Rare cells' sequence signals amplified, and new genetic clusters of type 2 diabetes revealed.
By Broad Communications
September 28, 2018
Welcome to the September 28, 2018 installment of Research Roundup, a recurring snapshot of recent studies published by scientists at the Broad Institute and their collaborators.
Findings the needles in a cellular haystack
Pooled single cell genomics — where scientists examine the molecular features of thousands of individual, DNA-barcoded single-cell sequence libraries simultaneously — is an increasingly powerful and popular research approach. One problem, however, is that important signals from rare cell types or states can get drowned out in a pooled library, making it hard to home in on individual rare cells without significant wasted effort. Navpreet Ranu, Alexandra-Chloé Villani, Broad institute member and Cell Ciruits Program co-director Nir Hacohen, and core institute member Paul Blainey have engineered a PCR-based enrichment strategy that makes targeted cells' signals pop up in a pooled sequencing library for easy detection. They described their approach in Nucleic Acids Research.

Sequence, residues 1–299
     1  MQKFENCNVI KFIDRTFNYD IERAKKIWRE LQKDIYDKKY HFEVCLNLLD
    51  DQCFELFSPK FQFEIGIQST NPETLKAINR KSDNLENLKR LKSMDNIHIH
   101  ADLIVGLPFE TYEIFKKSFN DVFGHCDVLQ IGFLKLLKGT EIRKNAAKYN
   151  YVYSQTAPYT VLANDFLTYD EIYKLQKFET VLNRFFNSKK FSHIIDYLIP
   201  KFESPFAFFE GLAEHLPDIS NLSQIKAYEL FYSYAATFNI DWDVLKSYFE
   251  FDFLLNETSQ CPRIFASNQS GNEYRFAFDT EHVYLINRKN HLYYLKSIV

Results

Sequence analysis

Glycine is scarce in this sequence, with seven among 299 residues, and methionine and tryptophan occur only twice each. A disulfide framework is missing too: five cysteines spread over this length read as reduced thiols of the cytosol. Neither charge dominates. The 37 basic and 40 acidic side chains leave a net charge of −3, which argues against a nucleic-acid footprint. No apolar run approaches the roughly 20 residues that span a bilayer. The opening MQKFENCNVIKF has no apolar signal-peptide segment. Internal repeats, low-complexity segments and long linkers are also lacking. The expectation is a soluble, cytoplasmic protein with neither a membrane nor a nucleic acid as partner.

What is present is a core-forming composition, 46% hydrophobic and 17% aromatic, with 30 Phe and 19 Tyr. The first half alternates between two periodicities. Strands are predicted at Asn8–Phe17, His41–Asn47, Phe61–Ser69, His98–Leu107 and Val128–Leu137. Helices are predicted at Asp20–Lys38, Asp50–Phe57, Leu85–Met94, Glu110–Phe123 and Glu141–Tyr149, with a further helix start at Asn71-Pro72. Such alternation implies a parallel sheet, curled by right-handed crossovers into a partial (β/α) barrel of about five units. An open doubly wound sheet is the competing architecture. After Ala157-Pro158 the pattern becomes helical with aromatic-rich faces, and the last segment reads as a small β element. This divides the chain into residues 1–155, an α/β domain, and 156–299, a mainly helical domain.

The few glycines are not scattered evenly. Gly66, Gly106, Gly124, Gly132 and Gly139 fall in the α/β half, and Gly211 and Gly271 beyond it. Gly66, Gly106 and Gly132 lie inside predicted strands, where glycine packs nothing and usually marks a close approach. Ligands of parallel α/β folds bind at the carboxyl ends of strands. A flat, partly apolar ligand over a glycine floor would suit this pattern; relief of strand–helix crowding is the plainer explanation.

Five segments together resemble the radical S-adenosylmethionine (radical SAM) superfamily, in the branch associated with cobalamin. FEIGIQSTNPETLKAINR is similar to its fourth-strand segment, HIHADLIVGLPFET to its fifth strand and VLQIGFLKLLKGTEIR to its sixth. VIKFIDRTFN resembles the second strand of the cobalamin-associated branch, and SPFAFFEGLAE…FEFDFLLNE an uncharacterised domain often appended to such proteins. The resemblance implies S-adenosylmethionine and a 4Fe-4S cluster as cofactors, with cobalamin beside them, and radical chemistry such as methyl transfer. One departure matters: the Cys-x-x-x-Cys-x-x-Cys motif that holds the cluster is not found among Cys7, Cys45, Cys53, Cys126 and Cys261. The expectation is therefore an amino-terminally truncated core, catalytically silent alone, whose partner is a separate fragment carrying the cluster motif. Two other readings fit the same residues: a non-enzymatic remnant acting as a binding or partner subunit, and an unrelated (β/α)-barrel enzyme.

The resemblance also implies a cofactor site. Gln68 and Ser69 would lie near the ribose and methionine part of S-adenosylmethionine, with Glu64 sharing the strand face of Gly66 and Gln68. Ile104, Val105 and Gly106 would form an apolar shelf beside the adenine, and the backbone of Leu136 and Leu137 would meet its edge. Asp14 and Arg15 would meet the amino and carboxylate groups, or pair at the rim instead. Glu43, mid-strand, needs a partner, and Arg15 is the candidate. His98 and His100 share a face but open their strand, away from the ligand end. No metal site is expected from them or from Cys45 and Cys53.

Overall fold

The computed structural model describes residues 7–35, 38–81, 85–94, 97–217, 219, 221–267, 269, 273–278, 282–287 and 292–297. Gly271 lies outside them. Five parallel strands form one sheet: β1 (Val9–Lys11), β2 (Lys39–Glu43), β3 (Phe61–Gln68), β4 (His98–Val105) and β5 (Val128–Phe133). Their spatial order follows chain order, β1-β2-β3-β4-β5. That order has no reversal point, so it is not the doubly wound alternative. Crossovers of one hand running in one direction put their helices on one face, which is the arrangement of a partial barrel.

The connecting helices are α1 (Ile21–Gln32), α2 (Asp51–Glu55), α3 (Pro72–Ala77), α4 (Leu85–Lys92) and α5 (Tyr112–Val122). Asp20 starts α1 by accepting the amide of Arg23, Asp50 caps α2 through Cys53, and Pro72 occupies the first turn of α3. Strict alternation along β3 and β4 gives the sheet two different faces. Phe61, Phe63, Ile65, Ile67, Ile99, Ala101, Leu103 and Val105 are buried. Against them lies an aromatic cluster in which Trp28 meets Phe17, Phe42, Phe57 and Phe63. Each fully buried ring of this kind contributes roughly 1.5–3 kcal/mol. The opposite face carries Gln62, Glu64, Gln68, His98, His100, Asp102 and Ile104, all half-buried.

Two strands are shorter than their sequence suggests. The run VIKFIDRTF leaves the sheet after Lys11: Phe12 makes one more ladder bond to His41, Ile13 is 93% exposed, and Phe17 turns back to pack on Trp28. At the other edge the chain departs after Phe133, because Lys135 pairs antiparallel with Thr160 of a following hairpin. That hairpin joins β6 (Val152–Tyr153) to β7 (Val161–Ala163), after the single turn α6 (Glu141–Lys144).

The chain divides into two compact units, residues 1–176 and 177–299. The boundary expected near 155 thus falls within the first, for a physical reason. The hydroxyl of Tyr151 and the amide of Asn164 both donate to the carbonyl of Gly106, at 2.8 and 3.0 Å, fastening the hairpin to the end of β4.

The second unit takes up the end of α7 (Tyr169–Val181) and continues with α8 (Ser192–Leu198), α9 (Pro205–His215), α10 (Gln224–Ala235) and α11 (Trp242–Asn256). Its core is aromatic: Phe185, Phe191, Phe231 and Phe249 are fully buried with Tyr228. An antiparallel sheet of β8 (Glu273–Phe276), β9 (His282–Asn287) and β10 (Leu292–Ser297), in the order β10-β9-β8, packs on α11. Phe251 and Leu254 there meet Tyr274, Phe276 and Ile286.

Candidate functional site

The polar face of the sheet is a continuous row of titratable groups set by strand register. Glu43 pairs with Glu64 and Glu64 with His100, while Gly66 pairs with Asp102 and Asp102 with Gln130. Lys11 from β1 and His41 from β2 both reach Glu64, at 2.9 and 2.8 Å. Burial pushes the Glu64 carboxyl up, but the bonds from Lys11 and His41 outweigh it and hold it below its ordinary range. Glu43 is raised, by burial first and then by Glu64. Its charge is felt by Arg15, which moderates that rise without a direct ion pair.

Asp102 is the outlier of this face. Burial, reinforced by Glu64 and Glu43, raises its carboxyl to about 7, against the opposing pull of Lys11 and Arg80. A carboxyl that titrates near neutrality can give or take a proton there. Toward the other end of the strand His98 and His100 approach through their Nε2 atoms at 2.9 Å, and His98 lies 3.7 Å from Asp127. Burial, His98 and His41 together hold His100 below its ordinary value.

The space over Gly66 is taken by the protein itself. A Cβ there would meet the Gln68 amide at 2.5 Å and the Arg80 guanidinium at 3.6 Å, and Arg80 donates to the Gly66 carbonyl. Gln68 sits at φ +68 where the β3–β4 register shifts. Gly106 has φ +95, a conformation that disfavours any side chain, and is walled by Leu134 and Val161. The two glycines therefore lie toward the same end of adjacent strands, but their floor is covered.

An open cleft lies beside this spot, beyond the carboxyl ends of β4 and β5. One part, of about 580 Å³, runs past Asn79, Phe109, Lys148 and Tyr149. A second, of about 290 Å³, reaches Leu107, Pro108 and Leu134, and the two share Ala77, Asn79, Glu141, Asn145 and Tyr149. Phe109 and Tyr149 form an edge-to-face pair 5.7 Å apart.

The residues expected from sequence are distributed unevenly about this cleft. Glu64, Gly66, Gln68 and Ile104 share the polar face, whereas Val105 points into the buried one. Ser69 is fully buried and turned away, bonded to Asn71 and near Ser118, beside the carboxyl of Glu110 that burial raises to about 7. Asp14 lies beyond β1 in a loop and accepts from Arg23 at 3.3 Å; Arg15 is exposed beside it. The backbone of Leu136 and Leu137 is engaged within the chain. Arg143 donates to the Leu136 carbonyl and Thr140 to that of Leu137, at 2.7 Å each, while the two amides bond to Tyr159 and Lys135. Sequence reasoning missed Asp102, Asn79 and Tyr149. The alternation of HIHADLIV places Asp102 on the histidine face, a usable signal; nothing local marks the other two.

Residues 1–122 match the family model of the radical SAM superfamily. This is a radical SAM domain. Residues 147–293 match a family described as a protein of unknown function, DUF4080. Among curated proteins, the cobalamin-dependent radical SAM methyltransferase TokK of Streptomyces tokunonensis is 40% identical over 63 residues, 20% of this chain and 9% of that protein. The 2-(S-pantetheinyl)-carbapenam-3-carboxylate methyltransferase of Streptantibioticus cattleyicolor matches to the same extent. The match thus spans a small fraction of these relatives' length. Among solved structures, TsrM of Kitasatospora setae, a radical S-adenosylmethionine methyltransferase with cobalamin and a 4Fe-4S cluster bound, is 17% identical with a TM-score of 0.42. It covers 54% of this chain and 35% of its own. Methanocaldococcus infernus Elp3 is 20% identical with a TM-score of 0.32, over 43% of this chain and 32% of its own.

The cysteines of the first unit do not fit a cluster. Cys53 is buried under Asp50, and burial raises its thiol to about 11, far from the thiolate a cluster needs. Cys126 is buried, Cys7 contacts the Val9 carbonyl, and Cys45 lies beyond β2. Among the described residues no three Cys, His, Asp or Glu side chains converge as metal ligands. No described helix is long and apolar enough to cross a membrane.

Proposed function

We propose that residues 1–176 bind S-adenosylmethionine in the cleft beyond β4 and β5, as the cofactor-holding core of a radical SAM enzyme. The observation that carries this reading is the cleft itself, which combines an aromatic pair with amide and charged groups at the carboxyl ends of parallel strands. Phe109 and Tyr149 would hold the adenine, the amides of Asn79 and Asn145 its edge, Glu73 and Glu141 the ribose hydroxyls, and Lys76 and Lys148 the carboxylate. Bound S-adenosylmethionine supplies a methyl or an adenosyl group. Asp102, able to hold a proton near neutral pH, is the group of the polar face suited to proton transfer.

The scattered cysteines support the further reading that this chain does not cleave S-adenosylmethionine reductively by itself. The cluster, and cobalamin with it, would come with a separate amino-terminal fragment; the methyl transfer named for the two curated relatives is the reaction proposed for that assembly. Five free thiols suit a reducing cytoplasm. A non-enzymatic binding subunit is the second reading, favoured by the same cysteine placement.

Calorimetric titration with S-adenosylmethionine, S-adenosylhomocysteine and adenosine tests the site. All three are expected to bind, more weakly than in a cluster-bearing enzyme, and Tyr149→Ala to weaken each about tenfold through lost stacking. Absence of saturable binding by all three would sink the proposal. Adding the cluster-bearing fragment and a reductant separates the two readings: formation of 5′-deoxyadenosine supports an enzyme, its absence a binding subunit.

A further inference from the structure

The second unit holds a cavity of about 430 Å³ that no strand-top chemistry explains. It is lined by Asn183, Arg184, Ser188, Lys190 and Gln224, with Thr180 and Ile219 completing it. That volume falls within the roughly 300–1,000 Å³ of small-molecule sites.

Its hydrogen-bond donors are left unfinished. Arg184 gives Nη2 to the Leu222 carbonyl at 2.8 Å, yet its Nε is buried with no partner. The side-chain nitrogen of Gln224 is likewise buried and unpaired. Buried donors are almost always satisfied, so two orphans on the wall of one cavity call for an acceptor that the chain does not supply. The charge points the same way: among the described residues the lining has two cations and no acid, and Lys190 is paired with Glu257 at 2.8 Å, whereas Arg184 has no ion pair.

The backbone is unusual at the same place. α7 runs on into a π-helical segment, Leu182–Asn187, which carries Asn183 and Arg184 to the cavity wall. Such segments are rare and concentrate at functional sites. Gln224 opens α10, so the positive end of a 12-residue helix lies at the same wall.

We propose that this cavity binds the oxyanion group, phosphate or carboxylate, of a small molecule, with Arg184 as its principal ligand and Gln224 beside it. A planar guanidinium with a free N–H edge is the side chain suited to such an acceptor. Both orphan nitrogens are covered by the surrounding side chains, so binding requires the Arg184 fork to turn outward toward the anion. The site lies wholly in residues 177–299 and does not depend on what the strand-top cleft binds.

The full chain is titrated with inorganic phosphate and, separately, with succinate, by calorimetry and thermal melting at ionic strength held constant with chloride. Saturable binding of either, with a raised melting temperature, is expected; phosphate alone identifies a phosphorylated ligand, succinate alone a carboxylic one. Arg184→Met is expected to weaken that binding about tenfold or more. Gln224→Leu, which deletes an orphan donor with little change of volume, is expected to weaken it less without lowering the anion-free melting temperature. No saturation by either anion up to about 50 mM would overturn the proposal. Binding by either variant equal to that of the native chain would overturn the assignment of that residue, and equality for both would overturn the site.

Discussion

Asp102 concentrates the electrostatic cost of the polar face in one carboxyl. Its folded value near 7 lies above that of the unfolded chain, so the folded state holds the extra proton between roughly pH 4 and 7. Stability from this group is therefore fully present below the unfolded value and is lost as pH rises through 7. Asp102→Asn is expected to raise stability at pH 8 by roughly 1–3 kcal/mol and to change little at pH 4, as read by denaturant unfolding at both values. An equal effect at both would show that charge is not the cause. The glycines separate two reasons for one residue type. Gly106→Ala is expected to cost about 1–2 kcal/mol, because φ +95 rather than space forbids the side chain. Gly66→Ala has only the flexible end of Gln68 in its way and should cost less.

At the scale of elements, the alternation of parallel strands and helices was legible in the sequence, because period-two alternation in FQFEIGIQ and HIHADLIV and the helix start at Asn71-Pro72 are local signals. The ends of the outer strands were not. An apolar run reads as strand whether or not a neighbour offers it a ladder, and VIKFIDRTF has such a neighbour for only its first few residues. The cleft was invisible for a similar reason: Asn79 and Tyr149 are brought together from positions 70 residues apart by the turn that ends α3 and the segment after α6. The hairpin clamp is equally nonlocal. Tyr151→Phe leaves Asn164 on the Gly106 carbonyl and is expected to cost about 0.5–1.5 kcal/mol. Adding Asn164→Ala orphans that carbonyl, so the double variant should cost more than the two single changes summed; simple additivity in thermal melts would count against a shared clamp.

The many types of type 2 diabetes
Precision medicine for type 2 diabetes is a step closer after a new study led by institute member Jose Florez and Miriam Udler of the Broad Metabolism Program. The researchers found five clusters of genetic sites that may correspond to phenotypically distinguishable subtypes of the disease, with distinct physiological processes at play in various forms of the illness. Appearing in PLoS Medicine, the work represents a first step toward using genetics to identify subtypes of type 2 diabetes, which could help physicians prescribe interventions aimed at the cause of the disease, rather than just the symptoms. Read more in a Broad news story.